Bangladesh may be set to get its first transgender MP

Bangladesh may be set to get its first transgender MP, following the national elections last year.

The ruling Awami League (AL) is considering a transgender candidate for one of the parliament’s 50 seats reserved for women, according to local media.

Eight transgender women have filed their nominations with the party, the The Dhaka Tribune reported.

Falguni, one potential candidate, said: “We are citizens of Bangladesh but we have no representation in the parliament.

“There is no one from our community who can understand and raise our concerns. That is why we are running for the seats.”

First transgender human rights official

Last year, Bangladesh appointed its first transgender human rights official in a bid to transform attitudes towards trans people in the country.

Tanisha Yeasmin Chaity, who was appointed to Bangladesh’s Human Rights Commission, said she was “excited” and added “it was a new beginning for the entire transgender community.”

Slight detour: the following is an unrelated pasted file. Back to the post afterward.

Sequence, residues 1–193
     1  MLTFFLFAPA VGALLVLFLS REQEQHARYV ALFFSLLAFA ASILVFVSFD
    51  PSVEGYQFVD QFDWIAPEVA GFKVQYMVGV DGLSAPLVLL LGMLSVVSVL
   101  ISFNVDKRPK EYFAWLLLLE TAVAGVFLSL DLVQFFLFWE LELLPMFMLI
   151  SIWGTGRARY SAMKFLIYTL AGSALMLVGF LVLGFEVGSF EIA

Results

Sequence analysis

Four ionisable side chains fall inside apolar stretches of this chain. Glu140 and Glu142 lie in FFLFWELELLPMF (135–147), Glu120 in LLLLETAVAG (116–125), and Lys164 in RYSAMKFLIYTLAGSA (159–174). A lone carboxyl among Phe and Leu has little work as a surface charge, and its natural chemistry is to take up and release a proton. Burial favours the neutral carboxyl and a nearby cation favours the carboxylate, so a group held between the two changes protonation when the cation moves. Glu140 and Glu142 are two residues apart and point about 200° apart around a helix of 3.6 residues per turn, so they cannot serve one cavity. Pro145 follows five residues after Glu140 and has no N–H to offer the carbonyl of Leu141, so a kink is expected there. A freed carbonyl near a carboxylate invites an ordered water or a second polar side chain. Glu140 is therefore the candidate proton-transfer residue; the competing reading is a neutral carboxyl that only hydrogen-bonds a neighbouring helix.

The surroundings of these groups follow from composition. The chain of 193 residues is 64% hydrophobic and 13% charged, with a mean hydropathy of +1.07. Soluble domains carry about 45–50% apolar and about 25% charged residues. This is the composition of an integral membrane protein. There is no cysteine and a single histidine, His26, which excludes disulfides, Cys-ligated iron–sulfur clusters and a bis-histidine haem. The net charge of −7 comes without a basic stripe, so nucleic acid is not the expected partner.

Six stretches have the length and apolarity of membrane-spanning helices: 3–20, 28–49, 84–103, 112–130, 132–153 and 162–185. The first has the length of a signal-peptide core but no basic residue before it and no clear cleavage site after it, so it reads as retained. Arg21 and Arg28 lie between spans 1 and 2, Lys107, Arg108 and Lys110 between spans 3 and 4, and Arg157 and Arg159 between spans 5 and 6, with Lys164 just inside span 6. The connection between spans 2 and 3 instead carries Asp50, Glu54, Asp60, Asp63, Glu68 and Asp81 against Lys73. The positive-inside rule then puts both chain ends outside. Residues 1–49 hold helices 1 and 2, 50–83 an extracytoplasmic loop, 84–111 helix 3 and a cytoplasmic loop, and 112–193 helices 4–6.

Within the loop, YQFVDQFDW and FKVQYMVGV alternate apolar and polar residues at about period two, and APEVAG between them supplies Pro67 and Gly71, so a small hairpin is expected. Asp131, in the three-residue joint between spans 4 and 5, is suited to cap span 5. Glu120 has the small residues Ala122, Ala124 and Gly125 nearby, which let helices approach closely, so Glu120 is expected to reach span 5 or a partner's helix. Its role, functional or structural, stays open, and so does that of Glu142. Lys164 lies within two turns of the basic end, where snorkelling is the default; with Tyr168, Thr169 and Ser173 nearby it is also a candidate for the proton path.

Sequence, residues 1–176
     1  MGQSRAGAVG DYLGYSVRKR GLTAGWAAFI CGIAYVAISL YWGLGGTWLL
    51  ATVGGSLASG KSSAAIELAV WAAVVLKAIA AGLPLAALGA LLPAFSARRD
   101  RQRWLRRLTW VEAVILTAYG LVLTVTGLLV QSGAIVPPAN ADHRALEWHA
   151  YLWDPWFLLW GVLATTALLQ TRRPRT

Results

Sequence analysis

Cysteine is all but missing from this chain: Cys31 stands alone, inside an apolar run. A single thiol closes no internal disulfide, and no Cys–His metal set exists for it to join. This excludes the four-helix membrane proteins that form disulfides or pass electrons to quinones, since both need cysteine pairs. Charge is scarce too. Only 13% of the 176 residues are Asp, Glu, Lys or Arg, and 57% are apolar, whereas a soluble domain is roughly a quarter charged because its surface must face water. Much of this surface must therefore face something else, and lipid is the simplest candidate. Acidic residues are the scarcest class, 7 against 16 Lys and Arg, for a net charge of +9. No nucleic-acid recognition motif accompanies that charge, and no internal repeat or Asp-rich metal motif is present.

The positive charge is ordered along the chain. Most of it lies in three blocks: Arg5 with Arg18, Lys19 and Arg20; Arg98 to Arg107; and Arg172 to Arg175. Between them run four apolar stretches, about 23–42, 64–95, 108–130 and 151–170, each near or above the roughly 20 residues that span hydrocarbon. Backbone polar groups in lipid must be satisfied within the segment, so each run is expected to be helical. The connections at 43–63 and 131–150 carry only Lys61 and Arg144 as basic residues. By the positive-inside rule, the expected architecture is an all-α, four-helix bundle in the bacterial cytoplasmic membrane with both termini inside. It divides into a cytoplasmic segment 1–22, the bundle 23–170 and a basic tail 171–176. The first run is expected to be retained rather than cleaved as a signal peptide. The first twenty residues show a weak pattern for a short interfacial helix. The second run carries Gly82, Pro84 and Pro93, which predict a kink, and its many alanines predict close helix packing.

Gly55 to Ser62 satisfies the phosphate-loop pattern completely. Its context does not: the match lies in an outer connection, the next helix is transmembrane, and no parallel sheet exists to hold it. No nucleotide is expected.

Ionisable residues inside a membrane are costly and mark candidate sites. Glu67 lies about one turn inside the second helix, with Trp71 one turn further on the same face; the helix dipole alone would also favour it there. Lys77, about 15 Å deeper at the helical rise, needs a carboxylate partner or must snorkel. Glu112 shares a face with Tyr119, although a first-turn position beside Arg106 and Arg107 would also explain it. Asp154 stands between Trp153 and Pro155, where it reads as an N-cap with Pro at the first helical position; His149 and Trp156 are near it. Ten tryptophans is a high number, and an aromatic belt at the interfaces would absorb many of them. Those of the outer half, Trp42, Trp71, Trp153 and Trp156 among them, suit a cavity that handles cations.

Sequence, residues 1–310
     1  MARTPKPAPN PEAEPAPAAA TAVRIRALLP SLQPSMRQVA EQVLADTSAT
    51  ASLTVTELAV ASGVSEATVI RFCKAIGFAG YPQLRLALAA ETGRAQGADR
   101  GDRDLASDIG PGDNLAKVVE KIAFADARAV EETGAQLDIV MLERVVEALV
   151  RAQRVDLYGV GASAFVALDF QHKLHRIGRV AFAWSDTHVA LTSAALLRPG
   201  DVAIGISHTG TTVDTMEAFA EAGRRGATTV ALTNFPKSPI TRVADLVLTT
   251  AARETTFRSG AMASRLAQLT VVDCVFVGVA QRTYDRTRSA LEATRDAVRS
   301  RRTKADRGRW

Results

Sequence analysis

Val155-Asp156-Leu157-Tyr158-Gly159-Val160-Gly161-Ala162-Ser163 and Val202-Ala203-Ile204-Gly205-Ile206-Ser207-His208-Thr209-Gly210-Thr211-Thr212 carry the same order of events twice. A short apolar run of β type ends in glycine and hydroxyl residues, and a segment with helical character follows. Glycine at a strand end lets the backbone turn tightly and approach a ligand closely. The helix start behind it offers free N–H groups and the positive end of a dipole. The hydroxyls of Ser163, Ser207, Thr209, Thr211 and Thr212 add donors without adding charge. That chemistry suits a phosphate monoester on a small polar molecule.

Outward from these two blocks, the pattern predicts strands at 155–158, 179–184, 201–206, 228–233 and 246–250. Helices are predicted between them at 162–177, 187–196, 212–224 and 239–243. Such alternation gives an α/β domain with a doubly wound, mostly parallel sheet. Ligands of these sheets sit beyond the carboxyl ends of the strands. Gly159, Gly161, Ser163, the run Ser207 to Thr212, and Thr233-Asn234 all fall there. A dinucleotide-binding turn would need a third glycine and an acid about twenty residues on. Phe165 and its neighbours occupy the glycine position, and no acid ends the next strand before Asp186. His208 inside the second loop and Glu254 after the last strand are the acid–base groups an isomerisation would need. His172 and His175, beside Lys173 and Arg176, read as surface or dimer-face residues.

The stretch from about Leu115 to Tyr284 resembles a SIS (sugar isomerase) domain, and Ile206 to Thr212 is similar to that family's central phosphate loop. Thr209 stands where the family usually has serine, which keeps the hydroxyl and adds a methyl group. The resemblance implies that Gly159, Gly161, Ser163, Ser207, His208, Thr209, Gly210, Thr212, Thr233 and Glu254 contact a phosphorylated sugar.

Chaity joined Bangladesh’s Human Rights Commission last year (YouTube)

Speaking to the Dhaka Tribune, Chaity said: “Hijras should lead lives as normal people. The attitude and mindset of society has to change in order to ensure that hijras do not have to do what they are forced to do for money.”

Hijra is an umbrella term which refers to a third gender in south Asia and is sometimes used to describe transgender people.

Discrimination and violence

In 2013, hijra were officially recognised as a third sex which enabled the, to identify their gender in documents such as passports.

Despite this, they are often subjected to violence, discrimination and rejected by family, leaving them forced to make money by begging or sex work.

Chaity said: “I was the only male child of the family, and thus my parents were not ready to accept these changes. Their attitude towards me changed, and they kept trying to demoralise me.

“When the pressure became overwhelming, I left my home for the first time to look for people like me in the transgender community – where I would feel safe and accepted,” she said.